Easy transition from monitoring to troubleshooting

Hopefully we have all seen the power of vCenter Operations; How it correlates and analyzes all that data to really help us drill down and find out where any current (or future) problems exist.  If the issues are not evident, or if we are still unure of what the problem still is, the next viable step would be to jump into our logs to see what information we can find there.  With integration between vCOPs and vCenter Log Insight hopefully this will make that transition from our monitoring solutions into our log analyzing solutions a whole lot easier.  Again, saving us time and helping us discover root causes that much quicker.


Even more for advanced users

For those that love to look at the raw log data (huh?!?!?!) you can do that as well.  A search type functionality, similar to that of Splunk is available as well.  Use this to parse and filter through all of your logs that vCenter Log Insight collects.  The main difference here is there is no need to learn any new "languages" to drill around in and query your data.  VMware seems to have really made a big effort to keep this product simple and easy to use, but powerful and extendable at the same time.  Also, the ability to generate alerts and send email notifications on a custom query is a very nice functionality to have.


More than just ESXi and vCenter

As mentioned above visualizations and presentations are provided by content packs.  These are easily exported and imported to and from vCenter Log Insight, in turn allowing third parties (including YOU) to easily develop, distribute and share.  So, hopefully, within time, we will see more than just ESXi and vCenter logs getting pumped into this.  On that note, we will probably see more than just VMware products being analyzed.  In my opinion the community will really need to take the lead on this one, and looking at past performance that the VMware community has, I'm sure they will!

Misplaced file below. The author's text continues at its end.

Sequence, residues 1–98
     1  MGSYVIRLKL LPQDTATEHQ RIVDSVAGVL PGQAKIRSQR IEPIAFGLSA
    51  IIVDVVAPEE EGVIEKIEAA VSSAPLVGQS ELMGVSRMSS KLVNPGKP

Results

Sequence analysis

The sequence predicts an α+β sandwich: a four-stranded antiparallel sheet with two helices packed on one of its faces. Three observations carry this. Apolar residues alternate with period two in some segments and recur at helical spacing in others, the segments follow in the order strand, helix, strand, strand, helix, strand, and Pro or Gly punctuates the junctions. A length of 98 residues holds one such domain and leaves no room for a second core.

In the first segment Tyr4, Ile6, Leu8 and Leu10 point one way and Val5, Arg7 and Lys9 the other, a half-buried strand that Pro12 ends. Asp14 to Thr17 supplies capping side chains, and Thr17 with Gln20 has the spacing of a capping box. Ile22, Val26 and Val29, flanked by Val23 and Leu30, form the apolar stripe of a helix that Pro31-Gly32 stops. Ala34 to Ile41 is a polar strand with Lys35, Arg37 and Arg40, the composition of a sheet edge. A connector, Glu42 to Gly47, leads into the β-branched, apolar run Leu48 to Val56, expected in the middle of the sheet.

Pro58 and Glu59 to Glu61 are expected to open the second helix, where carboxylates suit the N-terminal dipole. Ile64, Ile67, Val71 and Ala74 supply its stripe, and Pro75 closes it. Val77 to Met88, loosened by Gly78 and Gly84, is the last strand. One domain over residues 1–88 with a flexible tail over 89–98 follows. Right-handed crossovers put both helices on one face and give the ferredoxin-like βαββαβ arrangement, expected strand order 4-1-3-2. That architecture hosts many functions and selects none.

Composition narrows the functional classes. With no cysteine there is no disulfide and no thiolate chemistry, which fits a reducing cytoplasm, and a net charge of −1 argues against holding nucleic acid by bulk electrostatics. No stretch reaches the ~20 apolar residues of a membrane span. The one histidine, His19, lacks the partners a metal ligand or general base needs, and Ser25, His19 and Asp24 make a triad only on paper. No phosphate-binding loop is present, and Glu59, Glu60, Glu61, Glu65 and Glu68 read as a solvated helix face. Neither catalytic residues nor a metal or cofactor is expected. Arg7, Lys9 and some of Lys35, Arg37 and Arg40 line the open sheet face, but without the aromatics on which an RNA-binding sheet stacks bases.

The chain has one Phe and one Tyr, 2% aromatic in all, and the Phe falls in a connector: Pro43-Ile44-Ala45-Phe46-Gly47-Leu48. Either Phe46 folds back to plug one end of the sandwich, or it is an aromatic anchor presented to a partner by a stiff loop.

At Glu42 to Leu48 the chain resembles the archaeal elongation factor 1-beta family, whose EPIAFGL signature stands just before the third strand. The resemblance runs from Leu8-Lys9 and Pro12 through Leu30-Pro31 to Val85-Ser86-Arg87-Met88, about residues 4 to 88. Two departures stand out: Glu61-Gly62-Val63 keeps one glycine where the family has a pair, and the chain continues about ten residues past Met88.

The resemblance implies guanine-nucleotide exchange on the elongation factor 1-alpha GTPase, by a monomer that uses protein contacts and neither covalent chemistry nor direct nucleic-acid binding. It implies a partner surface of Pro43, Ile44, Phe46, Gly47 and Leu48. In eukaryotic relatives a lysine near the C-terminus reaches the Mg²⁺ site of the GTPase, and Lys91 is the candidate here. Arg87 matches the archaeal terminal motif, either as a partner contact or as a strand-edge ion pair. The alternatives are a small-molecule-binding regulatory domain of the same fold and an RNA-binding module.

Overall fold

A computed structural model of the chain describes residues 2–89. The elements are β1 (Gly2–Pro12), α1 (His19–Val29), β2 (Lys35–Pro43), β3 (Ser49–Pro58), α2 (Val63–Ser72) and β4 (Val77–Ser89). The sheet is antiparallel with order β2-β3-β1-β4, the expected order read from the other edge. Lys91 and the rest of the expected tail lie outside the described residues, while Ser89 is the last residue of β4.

So VMware says to expect to see some sort of GA in Q3 of this year, I'll let you guess the timeframe!  I hope to get a few more posts out about vCenter Log Insight as I delve more into the product but for now you can find some here, here and here.  Have a look for yourself and let me know if you think!

vSphere USB Passthru and Autoconnect Devices and PowerCLI

usbWait!  I thought I had UPS plugged into my host and setup as passthru to my VM already!  Why can't I see it now?  What happened?  Who moved that external drive I had connected to my Veeam console to seed an offsite backup?  Ever find yourself asking yourself any of these questions…I certainly have!  Due to circumstances out of my control I have a few hosts that tend to be "out in the wild".  Available and insecure, readily accessible to the hundreds of people walking by it each day.  At time to time either someone trips over a cord, some deliberately unplugs something, or equipment needs to be moved and gets plugged in to different ports upon reconnection.

Not as many options in the GUI